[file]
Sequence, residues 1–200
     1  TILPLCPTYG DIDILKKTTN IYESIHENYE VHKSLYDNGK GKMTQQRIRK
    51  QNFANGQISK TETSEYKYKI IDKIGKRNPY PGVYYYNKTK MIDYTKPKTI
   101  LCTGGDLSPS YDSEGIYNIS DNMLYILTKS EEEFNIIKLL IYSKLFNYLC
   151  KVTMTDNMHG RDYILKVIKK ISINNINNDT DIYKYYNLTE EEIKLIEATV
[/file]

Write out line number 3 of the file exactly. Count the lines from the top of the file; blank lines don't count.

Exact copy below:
    51  QNFANGQISK TETSEYKYKI IDKIGKRNPY PGVYYYNKTK MIDYTKPKTI